Wainwright, Wacha, Martinez, and Lynn appears like a good combination but only Wainwright and Lynn have ever thrown over 200 innings. Between those two Wainwright is coming off an Achilles tendon injury and Lynn has fallen apart at the end of each of the last three seasons.
Michael Wacha has promise but he too has faded at the end of the last two seasons, and his unique shoulder condition is always looming. Everyone hopes that Carlos Martinez recovers from his shoulder injury with rest this offseason, but no one really knows until the start of next season.
What that realistically means is that the team needs at least one, and possibly two additional starting pitchers before they enter camp next year.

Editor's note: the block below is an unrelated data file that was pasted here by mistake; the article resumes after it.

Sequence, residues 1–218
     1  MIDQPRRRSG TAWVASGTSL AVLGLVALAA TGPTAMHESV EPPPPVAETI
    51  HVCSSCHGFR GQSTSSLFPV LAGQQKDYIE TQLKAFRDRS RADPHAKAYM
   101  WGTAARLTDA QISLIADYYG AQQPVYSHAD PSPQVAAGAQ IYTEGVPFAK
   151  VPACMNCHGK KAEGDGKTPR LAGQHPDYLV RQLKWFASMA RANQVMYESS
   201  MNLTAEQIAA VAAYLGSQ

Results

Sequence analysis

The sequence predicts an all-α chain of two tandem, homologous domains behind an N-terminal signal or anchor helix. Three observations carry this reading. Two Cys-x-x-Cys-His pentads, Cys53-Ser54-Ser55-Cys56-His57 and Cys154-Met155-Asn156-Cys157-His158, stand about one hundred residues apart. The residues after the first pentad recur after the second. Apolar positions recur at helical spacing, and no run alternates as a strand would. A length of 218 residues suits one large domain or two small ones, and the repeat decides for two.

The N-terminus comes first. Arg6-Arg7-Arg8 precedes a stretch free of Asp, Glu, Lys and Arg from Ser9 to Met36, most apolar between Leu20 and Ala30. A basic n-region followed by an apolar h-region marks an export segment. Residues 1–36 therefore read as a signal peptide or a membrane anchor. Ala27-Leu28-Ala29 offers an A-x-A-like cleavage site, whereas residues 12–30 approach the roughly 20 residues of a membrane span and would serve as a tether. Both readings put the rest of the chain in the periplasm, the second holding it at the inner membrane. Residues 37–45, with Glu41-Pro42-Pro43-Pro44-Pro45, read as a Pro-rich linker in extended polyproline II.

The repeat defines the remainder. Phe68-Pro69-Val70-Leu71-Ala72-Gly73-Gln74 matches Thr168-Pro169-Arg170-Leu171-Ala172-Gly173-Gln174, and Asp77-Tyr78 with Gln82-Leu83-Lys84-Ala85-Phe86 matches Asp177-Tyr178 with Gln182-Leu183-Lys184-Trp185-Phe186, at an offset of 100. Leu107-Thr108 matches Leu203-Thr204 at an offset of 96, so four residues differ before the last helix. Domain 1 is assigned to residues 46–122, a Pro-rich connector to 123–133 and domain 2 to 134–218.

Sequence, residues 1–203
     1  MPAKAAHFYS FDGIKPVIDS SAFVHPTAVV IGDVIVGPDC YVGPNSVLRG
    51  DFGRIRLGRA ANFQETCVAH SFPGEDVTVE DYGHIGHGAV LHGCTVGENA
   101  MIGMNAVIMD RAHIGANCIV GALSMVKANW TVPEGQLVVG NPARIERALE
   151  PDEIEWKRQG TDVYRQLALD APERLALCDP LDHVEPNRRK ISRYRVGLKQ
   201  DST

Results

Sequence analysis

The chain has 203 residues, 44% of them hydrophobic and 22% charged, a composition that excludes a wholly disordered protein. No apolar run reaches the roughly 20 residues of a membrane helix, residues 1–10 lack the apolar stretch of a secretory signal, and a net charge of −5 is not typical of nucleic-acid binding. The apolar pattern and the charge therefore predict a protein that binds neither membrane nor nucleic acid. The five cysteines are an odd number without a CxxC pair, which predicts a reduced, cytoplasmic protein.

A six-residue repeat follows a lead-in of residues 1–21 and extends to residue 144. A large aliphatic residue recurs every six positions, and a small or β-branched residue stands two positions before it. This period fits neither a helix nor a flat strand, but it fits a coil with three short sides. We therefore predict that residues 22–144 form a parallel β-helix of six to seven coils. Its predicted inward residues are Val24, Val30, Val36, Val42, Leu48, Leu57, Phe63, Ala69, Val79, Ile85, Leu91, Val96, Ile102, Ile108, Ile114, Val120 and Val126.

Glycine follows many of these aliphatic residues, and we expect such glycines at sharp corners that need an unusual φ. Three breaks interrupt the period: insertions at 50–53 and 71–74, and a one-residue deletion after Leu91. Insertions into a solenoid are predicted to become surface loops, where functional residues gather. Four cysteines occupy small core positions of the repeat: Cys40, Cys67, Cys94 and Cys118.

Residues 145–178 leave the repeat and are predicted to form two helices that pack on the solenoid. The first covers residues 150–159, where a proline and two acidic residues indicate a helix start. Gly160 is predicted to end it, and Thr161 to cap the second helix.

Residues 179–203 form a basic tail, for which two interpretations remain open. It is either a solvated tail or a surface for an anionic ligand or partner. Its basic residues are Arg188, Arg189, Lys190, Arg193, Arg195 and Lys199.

The Cardinals could sign John Lackey back to the team but that will come at a high price following Lackey’s stellar year in 2015. The Yankees, Red Sox, and Cubs could all bid high for the veteran and offer more years than the Cardinals.
Jaime Garcia is unquestionably gifted, but also notoriously undependable and injury prone. Given the shakiness of the rest of the starting rotation he is not who you want as the dependable fifth man.
David Price would be a wonderful addition, but it is doubtful that GM John Mozeliak would be willing to spend the money and commit to the number of years necessary to get price. Mozeliak has avoided high dollar long-term contracts for every pitcher in history not named Adam Wainwright thus far, and even Wainwright’s extension was only for five years.
What may make the most sense is a trade for a pitcher like Oakland Sonny Gray using the Cardinals considerable minor league starting pitching talent base. Perhaps Mozeliak could also sign Jaime Garcia to his option and then trade Garcia to a team like Oakland by eating part of Garcia’s salary.